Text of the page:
If you are someone who owns several properties that you rent and hire out, then let’s take a look at your legal responsibilities w.r.t smoke alarms.
An owner who rents his/her property under a residential tenancy agreement needs to have mains-powered smoke alarms before the property is made available for rent or hire. Let’s look at what makes a compliant smoke alarm.
As per regulation 60(2), a compliant smoke alarm --
- Meets the requirement of Building Code of Australia (BCA) which is applicable at the time of installation.
- Is functional and in working order.
- Is always connected to the mains power.
- Was not installed more than ten years ago.
Smoke alarms that were installed in buildings constructed after 1st May 2015 should be interconnected if there are more than one alarms.
Smoke alarms that were installed or replaced after 1st May 2017 should follow the Australian Standard 3786:2014. So, before you buy a smoke alarm, make sure to look for the AS 3786:2014 mark.
Let’s look at a few reuirements for maintaining a smoke alarm:
Per Regulation 62, you, as a Landlord, are required to ensure that every installed smoke alarm in your property is:
- Always connected to the mains power supply (exemption: if you have the permission to install smoke alarms with 10-year battery)
- Not more than 10 years old or has not reached its expiry date
Now that you know that there are a few maintenance rules w.r.t. smoke alarms, the question is how will you maintain a smoke alarm?
DFES recommends a few guidelines to help you to maintain the smoke alarms on your rental properties:
- The smoke alarms should be secured and installed firmly per the Building Code of Australia’s requirements. For example, it is not acceptable to double side tape it.
- The power source for the smoke alarm should be working. The mains powered smoke alarms should come with a green light to indicate that they are connected to the mains power and it should be visible while standing underneath the alarm, too.
- Make sure to conduct routine tests of the smoke alarms every six months.
- Remove the dust and cobwebs (if any) from around the smoke alarms by vacuuming it with a soft brush.
- Discourage insect nesting inside the smoke alarms by spraying insect spray around (not inside) the alarm.
- Check expiry dates of the smoke alarms. They need to replaced every ten years.
- Make sure to replace the batteries every year. The mains-powered smoke alarms usually have backup batteries -- either a 9V battery which needs to replaced annually or a 10-year rechargeable battery. For further instructions, you need to refer to the manufacturer’s guide.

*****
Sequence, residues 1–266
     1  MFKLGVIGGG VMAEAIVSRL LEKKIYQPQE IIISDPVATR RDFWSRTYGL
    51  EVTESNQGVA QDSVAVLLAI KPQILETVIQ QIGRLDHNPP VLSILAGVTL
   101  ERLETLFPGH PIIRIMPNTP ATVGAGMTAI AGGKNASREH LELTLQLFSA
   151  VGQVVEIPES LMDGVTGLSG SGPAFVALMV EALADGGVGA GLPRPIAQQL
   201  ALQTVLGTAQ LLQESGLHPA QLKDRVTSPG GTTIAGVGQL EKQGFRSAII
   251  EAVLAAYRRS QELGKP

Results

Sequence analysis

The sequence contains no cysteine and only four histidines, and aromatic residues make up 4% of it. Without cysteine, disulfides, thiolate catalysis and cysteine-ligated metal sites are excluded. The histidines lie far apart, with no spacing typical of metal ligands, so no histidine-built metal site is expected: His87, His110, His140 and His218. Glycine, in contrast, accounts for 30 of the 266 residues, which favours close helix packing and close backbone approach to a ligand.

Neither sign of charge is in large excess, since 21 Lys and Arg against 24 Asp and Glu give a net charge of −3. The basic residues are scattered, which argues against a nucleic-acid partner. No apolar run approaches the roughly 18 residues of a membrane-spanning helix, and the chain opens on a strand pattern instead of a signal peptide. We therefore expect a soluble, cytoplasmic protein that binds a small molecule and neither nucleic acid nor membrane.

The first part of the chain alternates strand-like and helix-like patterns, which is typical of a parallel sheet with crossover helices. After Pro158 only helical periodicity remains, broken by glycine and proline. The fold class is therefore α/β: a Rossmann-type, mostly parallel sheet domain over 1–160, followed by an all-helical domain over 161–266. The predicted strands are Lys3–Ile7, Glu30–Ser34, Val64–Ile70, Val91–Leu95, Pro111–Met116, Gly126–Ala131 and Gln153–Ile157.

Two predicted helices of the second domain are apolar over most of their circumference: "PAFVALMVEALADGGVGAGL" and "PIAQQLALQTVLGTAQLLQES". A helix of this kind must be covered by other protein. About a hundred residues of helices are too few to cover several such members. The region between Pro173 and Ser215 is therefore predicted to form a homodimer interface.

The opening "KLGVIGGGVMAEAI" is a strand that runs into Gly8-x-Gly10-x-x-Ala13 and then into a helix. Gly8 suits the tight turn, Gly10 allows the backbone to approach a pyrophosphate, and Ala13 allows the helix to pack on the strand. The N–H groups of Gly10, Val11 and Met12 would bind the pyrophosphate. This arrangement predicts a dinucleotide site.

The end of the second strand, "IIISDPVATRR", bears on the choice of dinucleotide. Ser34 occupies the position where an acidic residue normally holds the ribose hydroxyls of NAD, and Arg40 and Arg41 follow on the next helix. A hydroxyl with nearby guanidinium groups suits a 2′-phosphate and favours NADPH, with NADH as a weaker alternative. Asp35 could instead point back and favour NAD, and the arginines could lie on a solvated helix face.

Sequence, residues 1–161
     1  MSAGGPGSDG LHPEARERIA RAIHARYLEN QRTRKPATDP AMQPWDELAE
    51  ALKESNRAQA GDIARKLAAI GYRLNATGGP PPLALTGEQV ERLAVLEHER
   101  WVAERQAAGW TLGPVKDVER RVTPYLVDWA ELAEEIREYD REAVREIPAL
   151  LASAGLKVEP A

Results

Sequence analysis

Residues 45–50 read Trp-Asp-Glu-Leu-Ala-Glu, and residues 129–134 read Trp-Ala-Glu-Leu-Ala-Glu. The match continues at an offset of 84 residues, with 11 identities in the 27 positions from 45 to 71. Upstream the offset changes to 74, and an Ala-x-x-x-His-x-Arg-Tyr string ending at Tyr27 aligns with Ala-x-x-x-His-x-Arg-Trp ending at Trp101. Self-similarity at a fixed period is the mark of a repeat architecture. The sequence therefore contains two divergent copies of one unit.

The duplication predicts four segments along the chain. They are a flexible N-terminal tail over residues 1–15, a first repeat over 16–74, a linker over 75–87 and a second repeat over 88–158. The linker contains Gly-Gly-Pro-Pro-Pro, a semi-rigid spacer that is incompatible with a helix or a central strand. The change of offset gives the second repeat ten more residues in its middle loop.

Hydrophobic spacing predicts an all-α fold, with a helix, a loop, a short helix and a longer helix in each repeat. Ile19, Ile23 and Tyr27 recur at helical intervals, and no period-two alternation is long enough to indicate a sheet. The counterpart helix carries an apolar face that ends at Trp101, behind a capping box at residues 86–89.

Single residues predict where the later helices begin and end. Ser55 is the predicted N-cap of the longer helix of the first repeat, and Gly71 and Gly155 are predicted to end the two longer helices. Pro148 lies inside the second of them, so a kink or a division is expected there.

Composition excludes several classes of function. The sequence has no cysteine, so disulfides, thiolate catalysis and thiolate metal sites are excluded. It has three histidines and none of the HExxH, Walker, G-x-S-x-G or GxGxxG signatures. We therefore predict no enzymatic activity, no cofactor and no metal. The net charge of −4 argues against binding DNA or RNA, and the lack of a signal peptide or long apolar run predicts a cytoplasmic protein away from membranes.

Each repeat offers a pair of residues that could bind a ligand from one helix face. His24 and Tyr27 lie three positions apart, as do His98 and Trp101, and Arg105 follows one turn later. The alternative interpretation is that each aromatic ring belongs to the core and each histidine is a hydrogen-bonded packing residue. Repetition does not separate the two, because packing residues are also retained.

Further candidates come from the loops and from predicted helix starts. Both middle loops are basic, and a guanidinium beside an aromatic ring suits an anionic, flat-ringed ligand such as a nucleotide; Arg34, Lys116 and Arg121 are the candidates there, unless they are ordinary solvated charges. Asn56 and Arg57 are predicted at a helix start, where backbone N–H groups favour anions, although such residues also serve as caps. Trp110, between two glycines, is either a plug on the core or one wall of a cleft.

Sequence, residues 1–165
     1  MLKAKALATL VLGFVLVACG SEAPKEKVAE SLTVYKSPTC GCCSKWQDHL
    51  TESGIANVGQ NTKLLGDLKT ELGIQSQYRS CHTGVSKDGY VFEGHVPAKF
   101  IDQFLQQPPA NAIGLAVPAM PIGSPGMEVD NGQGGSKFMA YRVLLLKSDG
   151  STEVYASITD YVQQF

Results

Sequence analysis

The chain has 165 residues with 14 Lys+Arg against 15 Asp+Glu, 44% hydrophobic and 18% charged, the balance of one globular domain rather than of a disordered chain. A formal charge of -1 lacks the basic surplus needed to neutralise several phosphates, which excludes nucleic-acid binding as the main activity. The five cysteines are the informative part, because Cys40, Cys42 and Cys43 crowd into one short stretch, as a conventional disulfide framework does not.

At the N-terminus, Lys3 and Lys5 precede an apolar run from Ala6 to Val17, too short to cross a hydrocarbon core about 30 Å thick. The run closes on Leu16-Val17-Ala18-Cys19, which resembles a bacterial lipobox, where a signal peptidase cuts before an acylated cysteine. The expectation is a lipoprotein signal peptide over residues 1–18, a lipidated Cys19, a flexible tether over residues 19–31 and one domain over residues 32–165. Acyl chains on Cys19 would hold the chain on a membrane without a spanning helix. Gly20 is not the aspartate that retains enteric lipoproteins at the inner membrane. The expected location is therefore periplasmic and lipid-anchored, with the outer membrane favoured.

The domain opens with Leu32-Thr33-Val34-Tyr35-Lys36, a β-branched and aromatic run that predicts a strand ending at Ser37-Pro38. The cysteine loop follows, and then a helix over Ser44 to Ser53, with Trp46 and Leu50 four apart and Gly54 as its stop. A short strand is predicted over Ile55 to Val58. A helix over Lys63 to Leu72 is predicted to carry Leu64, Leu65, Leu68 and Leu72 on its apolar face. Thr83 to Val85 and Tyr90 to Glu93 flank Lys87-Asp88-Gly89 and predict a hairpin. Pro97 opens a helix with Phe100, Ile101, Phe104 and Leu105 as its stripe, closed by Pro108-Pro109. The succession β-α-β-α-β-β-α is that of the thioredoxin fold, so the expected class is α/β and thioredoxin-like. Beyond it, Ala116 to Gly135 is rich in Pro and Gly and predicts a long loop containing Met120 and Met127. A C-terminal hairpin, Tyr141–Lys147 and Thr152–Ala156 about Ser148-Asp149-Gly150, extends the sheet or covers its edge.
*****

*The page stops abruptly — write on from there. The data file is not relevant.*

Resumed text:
- You need to do this routinely at an interval regularly and keep a record of the same.
To disconnect the mains powered smoke alarms, you need a licensed electrical contractor. For other smoke alarm maintenance tasks, you don’t require a licensed electrician.
DFES also allocates responsibility to the tenants, when it comes to maintaining the smoke alarms:
- Tenants should check the smoke alarm every month so that they are familiar with the alarm sound.
- Tenants should not tamper with the smoke alarms or obstruct it in any way to restrict the airflow or disturb the paint.
While you are looking after the maintenance of the smoke alarms, it is good to keep a note of the following points:
- Smoke alarms will issue a warning ‘beep’ if the battery needs replacing.
- Smoke alarms should not be painted over under any circumstances.
- If you have any queries regarding the smoke alarm, you can reach out to the manufacturer.
What should you do if you are a tenant and you notice that there is no smoke alarm in the property you have rented?
It is required by law for the owner to install mains-powered smoke alarms before you move in. They should not be less than 10 years old and should be in working order.
If you notice that there is no smoke alarm in your rented property, then you need to talk to your landlord or property manager. If speaking to them does not solve the issue, then you can speak to the local government. They would inspect the property and issue a rectification notice, infringement notice or prosecute for any breaches. For non-compliance, fines or penalties can be imposed.
If you have any other rental property dispute, you can visit the Consumer Protection website or call 1300 304 054.